The Tribunal heard that agency worker Corinda Pegg had been dismissed after 44 weeks service due to absences caused by depression. After a series of bereavements she was absent from work for a week receiving mental health residential care. On her return to work she was sometimes late and, when questioned by her manager, explained that this was due to her disability.
Two months later, she was admitted to hospital following a panic attack and, whilst receiving medical care at home the following fortnight, she was told by phone that her employment had been terminated because of poor attendance and punctuality.
Although she had requested confidentiality, work emails revealed that her medical condition had been openly discussed with a colleague. The data also indicated that discussions about ending her employment had begun before requests for further information about the reasons for her absence from work.
The case went to the Employment Appeal Tribunal on the legal question of whether equality law protects agency workers from being discriminated against by an organisation they are supplied to. The Judge said that, as Ms Pegg was under an obligation to work for Camden Council, it was subject to a legal duty not to discriminate. The compensation was awarded when the case returned for a full hearing to the Employment Tribunal.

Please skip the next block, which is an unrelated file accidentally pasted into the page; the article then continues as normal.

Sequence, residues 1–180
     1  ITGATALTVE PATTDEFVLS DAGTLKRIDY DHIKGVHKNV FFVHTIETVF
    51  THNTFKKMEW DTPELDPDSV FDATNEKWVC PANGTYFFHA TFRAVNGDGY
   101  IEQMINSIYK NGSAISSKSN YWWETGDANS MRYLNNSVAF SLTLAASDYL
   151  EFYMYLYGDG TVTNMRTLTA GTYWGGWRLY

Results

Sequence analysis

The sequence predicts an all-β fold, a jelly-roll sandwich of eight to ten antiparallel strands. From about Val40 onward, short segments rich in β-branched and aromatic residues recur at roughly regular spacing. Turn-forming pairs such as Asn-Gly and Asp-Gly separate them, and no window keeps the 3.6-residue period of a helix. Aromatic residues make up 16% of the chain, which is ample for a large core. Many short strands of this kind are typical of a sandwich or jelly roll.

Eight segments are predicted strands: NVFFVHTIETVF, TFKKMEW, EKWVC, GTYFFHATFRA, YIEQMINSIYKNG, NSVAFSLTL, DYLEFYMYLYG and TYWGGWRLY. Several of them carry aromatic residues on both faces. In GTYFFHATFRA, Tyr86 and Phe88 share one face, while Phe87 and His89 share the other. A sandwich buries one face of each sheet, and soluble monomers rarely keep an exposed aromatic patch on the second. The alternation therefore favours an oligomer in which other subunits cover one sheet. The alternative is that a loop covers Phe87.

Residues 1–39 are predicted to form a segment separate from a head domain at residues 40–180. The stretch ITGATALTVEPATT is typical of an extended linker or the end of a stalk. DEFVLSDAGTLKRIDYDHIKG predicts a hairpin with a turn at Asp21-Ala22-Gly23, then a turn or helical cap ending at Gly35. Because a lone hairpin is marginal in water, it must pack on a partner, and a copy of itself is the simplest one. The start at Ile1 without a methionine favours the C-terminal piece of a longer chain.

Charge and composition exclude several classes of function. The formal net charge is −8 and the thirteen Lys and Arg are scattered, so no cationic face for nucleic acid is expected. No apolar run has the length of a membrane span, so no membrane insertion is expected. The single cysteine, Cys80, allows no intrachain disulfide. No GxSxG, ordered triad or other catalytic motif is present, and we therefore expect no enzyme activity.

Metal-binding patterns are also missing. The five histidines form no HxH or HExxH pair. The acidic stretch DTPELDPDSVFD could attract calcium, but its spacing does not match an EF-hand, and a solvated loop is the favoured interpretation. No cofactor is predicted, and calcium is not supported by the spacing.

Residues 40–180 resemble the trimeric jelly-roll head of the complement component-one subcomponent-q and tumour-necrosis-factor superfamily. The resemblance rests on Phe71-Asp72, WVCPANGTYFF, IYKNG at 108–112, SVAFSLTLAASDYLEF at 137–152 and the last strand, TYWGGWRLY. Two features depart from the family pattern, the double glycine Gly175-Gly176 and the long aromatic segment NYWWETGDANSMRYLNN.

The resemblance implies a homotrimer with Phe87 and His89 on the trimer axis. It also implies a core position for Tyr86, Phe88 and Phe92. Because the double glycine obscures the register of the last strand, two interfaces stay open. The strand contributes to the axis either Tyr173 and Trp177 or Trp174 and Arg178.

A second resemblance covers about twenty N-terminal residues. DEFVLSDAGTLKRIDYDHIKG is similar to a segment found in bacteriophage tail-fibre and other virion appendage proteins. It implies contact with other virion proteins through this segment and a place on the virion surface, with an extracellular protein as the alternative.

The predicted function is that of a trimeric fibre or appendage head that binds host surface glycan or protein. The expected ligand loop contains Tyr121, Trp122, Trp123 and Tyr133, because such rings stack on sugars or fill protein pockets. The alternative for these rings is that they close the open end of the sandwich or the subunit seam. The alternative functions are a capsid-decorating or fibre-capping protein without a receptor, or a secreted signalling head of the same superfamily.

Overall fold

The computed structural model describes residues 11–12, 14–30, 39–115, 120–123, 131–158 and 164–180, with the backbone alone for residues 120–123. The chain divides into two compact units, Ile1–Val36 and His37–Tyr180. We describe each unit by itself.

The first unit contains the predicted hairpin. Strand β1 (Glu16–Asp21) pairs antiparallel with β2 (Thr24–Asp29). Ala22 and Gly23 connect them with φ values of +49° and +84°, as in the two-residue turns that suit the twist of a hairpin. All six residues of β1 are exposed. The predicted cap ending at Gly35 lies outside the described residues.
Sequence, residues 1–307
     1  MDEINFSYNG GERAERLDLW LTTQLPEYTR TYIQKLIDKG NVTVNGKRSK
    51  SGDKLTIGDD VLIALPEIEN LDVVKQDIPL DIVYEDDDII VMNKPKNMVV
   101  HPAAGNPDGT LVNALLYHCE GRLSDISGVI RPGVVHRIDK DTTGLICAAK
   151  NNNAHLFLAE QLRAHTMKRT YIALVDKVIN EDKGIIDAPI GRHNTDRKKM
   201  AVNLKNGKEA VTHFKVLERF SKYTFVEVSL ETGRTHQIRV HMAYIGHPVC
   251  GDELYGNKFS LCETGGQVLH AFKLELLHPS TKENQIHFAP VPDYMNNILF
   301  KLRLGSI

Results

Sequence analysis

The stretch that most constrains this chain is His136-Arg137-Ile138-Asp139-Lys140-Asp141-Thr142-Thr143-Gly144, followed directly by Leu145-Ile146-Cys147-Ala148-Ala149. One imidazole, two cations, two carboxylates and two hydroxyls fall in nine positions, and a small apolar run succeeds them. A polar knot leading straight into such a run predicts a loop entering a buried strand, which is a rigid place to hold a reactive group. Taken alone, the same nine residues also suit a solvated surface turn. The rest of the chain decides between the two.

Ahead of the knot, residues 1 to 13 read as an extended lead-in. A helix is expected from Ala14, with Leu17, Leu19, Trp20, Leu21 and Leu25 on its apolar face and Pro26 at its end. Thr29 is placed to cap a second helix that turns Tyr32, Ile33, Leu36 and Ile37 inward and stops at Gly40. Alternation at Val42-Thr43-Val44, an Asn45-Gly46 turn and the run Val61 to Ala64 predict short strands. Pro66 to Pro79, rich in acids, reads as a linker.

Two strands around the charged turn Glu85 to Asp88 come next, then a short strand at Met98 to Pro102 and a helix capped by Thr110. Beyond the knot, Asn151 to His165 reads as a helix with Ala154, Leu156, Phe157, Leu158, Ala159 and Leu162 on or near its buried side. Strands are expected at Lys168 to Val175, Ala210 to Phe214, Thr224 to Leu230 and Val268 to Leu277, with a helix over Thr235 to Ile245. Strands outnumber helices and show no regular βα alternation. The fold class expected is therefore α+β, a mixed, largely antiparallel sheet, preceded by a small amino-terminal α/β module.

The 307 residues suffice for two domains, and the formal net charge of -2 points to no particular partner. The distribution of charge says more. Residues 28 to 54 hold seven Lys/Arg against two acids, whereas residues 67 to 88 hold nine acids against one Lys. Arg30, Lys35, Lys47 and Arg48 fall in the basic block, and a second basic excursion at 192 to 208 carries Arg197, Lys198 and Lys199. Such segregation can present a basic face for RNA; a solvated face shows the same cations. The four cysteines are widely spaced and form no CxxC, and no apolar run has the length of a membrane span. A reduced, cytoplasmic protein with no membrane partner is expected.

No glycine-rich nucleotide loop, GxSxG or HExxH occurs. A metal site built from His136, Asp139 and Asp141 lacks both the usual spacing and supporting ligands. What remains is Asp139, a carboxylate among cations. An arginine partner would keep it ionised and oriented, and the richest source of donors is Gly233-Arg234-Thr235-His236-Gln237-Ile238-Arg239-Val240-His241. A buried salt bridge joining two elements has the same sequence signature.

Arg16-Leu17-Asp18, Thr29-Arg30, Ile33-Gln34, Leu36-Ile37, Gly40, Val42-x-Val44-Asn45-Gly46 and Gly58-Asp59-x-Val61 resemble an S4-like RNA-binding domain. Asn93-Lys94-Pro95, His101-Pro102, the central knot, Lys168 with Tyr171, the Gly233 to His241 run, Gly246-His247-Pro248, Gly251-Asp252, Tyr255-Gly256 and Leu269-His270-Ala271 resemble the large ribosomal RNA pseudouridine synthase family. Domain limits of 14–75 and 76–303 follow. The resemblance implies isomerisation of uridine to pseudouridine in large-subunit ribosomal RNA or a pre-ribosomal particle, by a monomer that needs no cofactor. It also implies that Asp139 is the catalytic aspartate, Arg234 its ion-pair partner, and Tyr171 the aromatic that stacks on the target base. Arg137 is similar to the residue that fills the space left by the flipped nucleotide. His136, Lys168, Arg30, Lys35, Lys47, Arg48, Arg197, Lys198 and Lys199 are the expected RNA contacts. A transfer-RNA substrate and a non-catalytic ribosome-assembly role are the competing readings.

Commission deputy director legal, Wendy Hewitt said:
“There was an urgent need to clarify the legal status of agency workers who have been discriminated against, given the increase in this type of working arrangement.
“This case clarifies that agency workers are entitled to the same degree of protection from discrimination at their place of work as permanent employees”
For more press information contact the Commission’s media office on 0161829 8102, out of hours 07767 272 818.
Notes to Editors
Ms Corinda Pegg v London Borough of Camden
The case was heard in September 2012 at the Employment Tribunal and judgement was reserved. The full award is £35,892.08
Further sources of information:
The case was taken under the Disability Discrimination Act, rather than the Equality Act 2010 as this was the law in force at the time of the initial action
This is taken from the EHRC web site